When the final horn sounded to seal the Bruins' 4-3 win over the Capitals Monday night, Washington's Nicklas Backstrom wasn't done playing.
And by playing, we mean playing dirty.
Backstom cross-checked Bruins forward Rich Peverley up near his neck and face, receiving a match penalty. That means that Backstrom is automatically suspended for Game 4 until the NHL rules on it. There have been a handful of high crosschecks thus far in the NHL playoffs, the most recent being Pittsburgh's Arron Asham's cross-check on the Flyers' Brayden Schenn in Game 3.
Asham was offered an in-person hearing, which means his suspension could be lengthy.
Take a look at the video below and judge for yourself: Is Backstrom's cheap shot on Peverley suspension-worthy?
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Here's postgame reaction from Rich Peverley, Capitals coach Dale Hunter, and Bruins coach Claude Julien on the high cross-check after the game had ended.
For the second straight season the trade deadline came and went with no moves from the Boston Celtics.
President of basketball operations Danny Ainge continues to look at the big picture as his team moves forward with their roster intact.
“It wasn’t for lack of trying, last year and this year,” said Ainge. “We came away with Al Horford in the summer. We drafted Jaylen Brown, Jaylen just continually getting better. I’m very excited about the future of both those guys. We were also able to get Ante Zizic, who is having a terrific year over in Turkey. I think that our future is looking good.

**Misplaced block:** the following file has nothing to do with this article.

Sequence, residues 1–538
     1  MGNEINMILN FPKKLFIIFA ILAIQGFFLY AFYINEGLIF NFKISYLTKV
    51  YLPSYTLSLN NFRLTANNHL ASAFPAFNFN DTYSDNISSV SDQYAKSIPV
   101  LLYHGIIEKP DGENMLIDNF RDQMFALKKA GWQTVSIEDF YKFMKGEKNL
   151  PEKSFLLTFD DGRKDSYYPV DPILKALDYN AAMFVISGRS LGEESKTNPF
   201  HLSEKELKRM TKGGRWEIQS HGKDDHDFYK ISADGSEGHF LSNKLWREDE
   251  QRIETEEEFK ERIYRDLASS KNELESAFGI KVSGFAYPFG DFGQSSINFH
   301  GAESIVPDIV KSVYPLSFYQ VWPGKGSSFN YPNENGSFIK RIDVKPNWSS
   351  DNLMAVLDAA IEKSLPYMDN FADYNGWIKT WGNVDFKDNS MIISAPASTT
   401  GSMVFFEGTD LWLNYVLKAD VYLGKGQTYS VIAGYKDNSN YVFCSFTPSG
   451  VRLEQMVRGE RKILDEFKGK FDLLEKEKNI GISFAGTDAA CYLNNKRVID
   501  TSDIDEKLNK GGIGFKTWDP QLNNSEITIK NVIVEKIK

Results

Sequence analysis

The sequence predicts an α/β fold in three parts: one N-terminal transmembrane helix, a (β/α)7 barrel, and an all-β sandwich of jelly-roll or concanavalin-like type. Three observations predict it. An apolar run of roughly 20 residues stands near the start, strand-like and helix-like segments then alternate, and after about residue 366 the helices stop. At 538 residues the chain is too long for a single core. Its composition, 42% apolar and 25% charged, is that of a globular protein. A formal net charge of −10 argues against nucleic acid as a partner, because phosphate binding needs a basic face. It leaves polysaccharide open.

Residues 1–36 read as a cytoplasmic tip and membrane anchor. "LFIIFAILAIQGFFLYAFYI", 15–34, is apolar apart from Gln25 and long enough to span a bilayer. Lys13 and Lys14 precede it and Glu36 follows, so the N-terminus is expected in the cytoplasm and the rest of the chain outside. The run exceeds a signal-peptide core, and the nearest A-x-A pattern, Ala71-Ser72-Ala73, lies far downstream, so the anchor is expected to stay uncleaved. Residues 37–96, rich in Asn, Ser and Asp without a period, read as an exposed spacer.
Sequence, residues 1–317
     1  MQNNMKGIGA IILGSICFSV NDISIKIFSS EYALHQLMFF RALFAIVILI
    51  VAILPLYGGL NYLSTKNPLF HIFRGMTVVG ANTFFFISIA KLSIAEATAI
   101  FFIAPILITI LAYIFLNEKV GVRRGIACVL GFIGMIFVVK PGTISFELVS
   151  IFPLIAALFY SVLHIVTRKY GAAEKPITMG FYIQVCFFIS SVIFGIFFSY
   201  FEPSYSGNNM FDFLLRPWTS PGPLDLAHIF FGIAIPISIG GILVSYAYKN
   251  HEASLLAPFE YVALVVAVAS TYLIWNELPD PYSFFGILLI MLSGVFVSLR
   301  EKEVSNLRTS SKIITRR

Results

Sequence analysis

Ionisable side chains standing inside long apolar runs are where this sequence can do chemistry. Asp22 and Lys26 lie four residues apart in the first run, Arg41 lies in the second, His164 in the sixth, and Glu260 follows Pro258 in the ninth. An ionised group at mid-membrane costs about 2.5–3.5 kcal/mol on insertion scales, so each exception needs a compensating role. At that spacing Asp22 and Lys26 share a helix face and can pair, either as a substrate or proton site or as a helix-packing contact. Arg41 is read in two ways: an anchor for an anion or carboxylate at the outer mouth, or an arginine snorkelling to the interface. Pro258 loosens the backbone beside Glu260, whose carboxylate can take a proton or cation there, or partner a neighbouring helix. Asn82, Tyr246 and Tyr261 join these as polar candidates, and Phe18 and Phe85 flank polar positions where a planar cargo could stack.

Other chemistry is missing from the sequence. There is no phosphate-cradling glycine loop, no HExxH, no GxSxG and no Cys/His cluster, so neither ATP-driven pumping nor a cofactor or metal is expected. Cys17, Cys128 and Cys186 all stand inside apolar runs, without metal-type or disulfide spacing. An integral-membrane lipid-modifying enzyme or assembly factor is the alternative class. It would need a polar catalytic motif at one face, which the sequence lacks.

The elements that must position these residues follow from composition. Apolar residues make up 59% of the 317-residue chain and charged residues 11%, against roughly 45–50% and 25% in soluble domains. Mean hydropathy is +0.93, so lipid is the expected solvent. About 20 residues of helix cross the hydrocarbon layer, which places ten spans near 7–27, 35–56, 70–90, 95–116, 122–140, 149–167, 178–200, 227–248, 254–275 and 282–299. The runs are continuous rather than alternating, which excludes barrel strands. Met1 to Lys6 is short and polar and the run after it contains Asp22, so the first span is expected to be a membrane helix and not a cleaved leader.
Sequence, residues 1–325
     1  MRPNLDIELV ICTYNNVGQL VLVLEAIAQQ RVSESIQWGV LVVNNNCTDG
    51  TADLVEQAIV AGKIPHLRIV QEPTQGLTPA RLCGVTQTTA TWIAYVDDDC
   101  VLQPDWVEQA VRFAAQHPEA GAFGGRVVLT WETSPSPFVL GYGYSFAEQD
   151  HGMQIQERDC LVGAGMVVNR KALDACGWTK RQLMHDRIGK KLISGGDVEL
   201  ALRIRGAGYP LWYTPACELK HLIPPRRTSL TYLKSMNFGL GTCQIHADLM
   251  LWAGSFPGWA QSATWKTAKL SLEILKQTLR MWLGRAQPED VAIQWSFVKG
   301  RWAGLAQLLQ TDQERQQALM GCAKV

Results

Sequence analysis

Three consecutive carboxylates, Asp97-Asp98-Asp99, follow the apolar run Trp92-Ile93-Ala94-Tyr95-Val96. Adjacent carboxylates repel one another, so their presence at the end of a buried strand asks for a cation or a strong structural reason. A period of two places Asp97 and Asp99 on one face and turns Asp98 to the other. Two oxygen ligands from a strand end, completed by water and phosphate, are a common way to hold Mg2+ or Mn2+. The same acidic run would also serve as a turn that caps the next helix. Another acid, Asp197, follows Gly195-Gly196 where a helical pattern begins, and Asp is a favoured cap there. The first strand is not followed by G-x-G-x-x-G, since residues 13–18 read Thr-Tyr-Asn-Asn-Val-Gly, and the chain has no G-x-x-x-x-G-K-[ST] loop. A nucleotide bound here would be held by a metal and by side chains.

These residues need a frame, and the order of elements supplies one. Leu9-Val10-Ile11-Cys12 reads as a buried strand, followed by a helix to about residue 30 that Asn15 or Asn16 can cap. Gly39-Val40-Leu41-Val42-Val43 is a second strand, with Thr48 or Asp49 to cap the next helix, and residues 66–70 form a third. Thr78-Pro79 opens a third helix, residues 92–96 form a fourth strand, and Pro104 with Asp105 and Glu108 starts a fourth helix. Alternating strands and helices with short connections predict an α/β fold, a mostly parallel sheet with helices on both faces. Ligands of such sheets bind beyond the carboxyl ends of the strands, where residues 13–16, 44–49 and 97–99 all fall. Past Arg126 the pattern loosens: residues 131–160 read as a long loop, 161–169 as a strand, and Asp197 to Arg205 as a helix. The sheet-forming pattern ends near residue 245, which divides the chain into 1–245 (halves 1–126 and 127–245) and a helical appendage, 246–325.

“We hope to have another good summer this year, whether we use the draft pick, whether we trade the draft pick. I think we can’t go wrong, as long as we don’t screw it up and pay too much for certain assets.”
With the NBA trade deadline in the rear view mirror, the Celtics will have to turn to the buyout market if they are looking to make changes to their roster.
Talking to CSN Celtics Insider A. Sherrod Blakely, Danny Ainge explained why signing players who have been bought out can be a risky move for a team like the Celtics.
“We’ll weigh each guy that comes on the market and see if that can be a boost to our team,” explained Ainge. “At the same time, I like our team. Bringing in new players sometimes messes up your whole chemistry, and it shifts somebody into a different role that they’re not accustomed to doing. You better know what you’re getting.
“We brought in Michael Finley, Sam Cassell. . . PJ Brown turned out to be a very good asset to us. Most of the time it sort of disrupts things. At the end of the year you go, ‘wow, we probably shouldn’t have done that.’ Even though on paper it looked like a great acquisition, it wasn’t as good as everyone thought it would be.”